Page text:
The Vegas show, titled Weekends With Adele, was first announced in late November and was scheduled to have the Tottenham-born singer perform two shows every weekend until April at legendary venue Caesars Palace’s Colosseum. With tickets ranging from £60 ($85) to a whopping £500 ($685), fans were eager to catch a performance, as the singer hasn’t done a live concert in five years. Yet with bitter disappointment, and fighting back the tears, Adele continued to say: “It’s been impossible to finish the show. I can’t give you what I have right now and I’m gutted.”
With a promise that dates will be rescheduled, the 15 time Grammy Award winner added that half of her team have Covid and with delivery delays, they have run out of time to perfect the performance.
Apologising profusely to the fans, the star said: “I’m sorry, it’s last minute. I’m so upset and I’m really embarrassed and I’m so sorry to everyone that’s travelled again.
“We’re going to reschedule all the dates, we’re on it right now. And I’m going to finish my show.
“I want to to get it to where it’s supposed to be [but] we’ve been up against so much and it just ain’t ready [sic].”
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With lots of bitterly disappointed fans, this is not the only time that the Hello singer has cancelled tour dates.
Back in 2017, the star had to cancel the final two dates at Wembley Stadium of her previous tour due to damaging her vocal cords.
One fan, who was already on her flight to Las Vegas from New York told the BBC: “I was furious that Adele waited until the last minute to make this call.
“I recognise it’s not a call any artist wants to make but she would’ve known yesterday that the show wouldn’t be ready by tomorrow. Her lack of notice is astounding. I’m angry and frustrated.”
Here in the UK, Covid continues to cause disruption.
Despite the Prime Minister Boris Johnson announcing yesterday that restrictions such as mandatory face mask wearing, put in place to try and stop the spread of the virus, will be relaxed, he remained cautious, saying that the pandemic was “not over”.
Others in the education sector and health sector remain wary about the effect the virus is having on key aspects of society. School leaders’ unions said Covid remained a challenge for schools, with high numbers of staff and pupils absent.
Meanwhile the Royal College of Nursing commented that the government’s actions to “drop Plan B” would do “nothing to ease pressure on the NHS”.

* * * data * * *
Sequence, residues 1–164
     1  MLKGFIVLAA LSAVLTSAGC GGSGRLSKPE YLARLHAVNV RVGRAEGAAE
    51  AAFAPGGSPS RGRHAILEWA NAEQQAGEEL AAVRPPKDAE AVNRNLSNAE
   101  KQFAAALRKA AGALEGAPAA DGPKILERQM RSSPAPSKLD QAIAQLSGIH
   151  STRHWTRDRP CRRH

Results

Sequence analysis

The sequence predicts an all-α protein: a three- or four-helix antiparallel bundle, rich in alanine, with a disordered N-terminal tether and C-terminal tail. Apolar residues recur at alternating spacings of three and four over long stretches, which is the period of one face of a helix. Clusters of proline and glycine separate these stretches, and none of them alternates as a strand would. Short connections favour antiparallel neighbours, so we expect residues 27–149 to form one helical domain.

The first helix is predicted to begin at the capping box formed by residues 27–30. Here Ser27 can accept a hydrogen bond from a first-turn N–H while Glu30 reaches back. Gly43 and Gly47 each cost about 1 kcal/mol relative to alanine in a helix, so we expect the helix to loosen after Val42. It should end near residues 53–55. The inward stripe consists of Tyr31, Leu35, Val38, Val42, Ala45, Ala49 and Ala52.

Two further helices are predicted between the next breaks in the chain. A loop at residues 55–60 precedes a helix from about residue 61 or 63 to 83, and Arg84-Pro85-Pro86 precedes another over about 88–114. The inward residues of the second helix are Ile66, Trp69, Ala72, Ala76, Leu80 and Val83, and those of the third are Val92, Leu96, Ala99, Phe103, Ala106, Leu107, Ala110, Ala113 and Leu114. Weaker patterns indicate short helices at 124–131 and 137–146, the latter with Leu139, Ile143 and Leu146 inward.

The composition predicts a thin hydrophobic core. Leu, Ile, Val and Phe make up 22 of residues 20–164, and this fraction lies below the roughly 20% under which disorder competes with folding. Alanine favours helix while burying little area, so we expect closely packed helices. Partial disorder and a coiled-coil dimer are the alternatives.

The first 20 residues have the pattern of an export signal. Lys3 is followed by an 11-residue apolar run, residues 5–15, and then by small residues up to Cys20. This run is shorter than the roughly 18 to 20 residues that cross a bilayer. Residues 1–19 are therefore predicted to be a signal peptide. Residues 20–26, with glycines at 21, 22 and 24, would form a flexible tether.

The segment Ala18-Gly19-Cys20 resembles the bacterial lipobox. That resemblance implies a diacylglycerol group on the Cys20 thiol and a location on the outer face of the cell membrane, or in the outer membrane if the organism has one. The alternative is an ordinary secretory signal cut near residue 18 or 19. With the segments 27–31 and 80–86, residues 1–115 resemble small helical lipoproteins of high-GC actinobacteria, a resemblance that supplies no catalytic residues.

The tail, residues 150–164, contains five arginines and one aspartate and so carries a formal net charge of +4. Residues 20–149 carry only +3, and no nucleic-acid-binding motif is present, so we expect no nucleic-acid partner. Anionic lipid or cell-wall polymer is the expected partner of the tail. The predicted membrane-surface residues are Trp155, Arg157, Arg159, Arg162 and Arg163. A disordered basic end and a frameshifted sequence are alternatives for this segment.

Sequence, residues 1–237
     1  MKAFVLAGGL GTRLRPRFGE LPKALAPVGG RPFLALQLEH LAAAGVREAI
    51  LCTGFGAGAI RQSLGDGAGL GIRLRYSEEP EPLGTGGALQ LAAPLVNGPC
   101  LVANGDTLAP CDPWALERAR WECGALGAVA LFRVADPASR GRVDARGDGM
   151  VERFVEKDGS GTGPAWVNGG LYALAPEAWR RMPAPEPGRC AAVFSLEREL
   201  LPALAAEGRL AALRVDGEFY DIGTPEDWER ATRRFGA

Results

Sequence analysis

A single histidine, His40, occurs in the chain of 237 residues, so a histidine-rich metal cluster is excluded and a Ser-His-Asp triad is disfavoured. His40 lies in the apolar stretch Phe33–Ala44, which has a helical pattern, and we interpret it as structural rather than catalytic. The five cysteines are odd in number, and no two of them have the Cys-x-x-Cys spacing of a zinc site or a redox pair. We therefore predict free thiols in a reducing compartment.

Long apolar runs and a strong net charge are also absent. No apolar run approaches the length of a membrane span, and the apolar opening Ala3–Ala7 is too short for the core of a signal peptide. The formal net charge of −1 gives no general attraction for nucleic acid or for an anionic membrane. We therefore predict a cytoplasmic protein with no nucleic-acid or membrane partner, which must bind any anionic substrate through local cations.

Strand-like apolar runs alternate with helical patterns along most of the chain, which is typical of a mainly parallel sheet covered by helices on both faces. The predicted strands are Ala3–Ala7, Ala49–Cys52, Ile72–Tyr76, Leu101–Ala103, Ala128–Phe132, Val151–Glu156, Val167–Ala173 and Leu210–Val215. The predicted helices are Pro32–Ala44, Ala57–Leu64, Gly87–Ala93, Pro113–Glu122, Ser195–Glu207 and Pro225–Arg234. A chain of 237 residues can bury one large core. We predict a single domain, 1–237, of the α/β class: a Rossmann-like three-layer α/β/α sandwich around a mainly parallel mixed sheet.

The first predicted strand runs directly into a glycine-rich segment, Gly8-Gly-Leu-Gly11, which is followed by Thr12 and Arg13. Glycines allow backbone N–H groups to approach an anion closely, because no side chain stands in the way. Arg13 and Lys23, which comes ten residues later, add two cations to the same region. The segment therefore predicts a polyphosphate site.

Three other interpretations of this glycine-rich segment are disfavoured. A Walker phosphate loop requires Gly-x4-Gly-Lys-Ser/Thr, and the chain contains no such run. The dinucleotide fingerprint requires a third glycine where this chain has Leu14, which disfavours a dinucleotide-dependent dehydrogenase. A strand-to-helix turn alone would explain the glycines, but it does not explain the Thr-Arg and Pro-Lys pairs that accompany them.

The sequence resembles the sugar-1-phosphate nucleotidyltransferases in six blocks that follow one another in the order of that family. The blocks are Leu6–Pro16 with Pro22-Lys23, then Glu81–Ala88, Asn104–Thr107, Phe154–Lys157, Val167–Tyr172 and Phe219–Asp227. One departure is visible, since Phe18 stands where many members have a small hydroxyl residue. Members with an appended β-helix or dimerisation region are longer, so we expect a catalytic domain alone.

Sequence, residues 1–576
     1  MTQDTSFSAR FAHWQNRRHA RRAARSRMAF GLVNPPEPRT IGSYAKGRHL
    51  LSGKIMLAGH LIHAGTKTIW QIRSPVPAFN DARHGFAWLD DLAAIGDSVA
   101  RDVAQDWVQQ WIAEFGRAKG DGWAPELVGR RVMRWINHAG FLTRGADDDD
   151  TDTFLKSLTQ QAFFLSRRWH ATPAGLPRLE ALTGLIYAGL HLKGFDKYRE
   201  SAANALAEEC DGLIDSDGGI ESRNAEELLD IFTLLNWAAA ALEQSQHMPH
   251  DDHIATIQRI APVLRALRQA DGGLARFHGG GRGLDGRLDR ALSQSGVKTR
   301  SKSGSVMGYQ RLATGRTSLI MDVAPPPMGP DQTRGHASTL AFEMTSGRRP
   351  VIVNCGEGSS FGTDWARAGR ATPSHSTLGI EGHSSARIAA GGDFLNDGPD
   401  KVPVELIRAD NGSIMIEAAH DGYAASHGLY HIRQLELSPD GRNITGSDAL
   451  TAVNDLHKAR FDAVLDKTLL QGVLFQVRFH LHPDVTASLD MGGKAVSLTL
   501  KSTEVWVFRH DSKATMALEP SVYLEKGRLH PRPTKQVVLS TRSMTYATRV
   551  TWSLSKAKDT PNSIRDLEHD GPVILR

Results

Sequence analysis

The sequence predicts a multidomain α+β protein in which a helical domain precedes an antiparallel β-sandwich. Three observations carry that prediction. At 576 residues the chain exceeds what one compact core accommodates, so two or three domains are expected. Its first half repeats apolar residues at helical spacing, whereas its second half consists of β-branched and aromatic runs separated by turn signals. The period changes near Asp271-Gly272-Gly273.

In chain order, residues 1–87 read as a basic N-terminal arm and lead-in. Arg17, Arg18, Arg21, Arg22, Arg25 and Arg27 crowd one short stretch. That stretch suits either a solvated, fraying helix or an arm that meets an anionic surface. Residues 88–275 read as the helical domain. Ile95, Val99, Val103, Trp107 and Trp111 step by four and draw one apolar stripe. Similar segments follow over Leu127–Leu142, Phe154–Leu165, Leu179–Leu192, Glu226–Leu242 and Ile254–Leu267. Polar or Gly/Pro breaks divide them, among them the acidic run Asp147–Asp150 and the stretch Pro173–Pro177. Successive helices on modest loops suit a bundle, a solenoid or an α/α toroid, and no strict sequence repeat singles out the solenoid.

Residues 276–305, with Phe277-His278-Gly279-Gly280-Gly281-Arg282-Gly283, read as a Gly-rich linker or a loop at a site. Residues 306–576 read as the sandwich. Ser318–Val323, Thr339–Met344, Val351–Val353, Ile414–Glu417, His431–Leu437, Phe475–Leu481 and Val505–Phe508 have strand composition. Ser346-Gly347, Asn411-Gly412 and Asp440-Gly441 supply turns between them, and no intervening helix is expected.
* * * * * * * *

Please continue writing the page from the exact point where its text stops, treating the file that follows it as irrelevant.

The latest data provided on January 20 showed that there were still 107,364 daily cases of Covid and 330 deaths within 28 days of a positive Covid test.
Although cases were down 32 percent in the last seven days, the death rate was up by 1.8 percent. And with 1,905 patients still being admitted to hospital daily, many will be wondering if the PMs “robust plan to live well with Covid” is going to be good enough.
With individuals reporting daily on the ZOE COVID app about symptoms they are experiencing, the current top five symptoms have been deciphered. These symptoms differ depending on whether individuals have been vaccinated, and how many doses they have received.
Generally, either one or two vaccinations, those who tested positive for Covid were experiencing the following:
- Runny nose
- Sore throat
- Persistent cough.
For those who remain unvaccinated, symptoms were similar, but were ranked in a slightly different order, with the unvaccinated suffering more severely with headaches and sore throats and the addition of a fever.
Loss of smell and shortness of breath was also reported, indicating that symptoms that have previously been recorded as significant, were changing along with the evolving variants.
Amid the changing rules on what to do if you have Covid, with self-isolation requirements due to expire on March 24, it can be tricky to know what to do if you start showing symptoms.
The ZOE COVID study website explains that currently individuals can only get a NHS Covid test if they have a cough, fever or loss of smell. It goes on to recommend that those who start excessively sneezing after having had their vaccination should try and stay home and get a Covid test as sneezing is a key way that the virus spreads.
It goes on to advise that doing lateral-flow and adhering to “hands, face, space” is still critical in protecting family, friends and colleagues no matter what your vaccination status.